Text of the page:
Great Arthur House and the Golden Lane Estate with the Barbican under construction in front. The spire of St. Luke’s in Old Street can be seen in the background. Source: Twitter
As part of this latest research I watched a video called Barbican Phoenix (1961) which contains a good number of scenes I have not seen. One of the most endearing of these is the panned shot from the top of the 1965 completed Moor House (now too demolished.) I put together screencaps from those scenes and made a panorama as shown below…
Panoramic shot collated from the film Barbican Phoenix
It is clear from this the route of the Metropolitan Railway was once a major artery through the old Barbican and Cripplegate areas of London. Although it was largely brick lined cutting with overbridges there was in fact one short tunnel – a rarity because it had separate bores for each Metropolitan track.
Elaborating on the fate of the former Metropolitan railway, noted London railway historian Mike Horne had very recently published the following images. These must have been some of his last tweets, nevertheless they show the Metropolitan railway cutting still existing within the newly built Barbican estate…
The former Metropolitan cutting can be seen where Speed House and Brandon Mews are – and which pictures Mike Horne says he took as a school kid. This part would have been the former station throat to Moorgate. Source: Twitter
I know this shot is not a good picture however it too shows the remains of the Metropolitan cutting on the other side of that old bridge. The year is 1969. Speed House in the background. Source: Twitter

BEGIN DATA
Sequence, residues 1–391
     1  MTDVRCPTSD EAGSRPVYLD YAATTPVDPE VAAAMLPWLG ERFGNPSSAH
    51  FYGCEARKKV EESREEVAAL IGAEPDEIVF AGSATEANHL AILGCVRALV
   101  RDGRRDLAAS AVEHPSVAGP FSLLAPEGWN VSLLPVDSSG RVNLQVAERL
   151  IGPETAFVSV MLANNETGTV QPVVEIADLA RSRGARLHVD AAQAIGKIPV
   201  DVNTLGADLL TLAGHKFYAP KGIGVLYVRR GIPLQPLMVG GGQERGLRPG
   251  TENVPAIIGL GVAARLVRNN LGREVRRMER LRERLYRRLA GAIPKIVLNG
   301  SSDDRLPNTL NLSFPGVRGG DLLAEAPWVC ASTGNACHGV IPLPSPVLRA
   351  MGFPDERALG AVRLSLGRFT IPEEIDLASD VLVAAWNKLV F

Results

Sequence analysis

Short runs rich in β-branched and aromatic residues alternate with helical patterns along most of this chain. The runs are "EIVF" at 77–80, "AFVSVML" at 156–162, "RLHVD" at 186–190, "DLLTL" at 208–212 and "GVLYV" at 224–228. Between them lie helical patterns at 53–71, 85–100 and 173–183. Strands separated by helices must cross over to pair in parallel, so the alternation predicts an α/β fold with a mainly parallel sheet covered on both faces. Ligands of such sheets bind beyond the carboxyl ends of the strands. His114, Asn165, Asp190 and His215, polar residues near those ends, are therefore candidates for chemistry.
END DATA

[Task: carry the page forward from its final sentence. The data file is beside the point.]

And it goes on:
It seems to me the Metropolitan’s former alignment existed until maybe 1970. In the above picture they are clearly still using the former bridge which once carried the southern half of Whitecross Street over the railway as it still provided access for contractors to part of the estate.
On the right hand side of the image is the top of the new Metropolitan tunnels. These were of course at a lower level because the line had to go underneath the Barbican lake! Until the construction in this part of the Barbican was completed the top of this tunnel was left open.
The old Whitecross Street bridge can still be seen at the bottom of this picture from 1969. To the left (with contractors huts sat on top of the cross beams) are the newer tunnels. Source: You Tube
From this 1969 image its clear how the new railway tunnels go directly underneath Defoe House (and why that particular building along with others on the estate gets so much noise/vibration from tube trains – a subject I have written upon in-depth.) Below is Whitecross Street bridge again and another picture from Mike Horne. This is an earlier date than the previous.
The Barbican Lake with the Metropolitan cutting visible. This would have been where the tracks fanned out to form the station throat area. This area is now the site of the London Guildhall of Music. Source: Twitter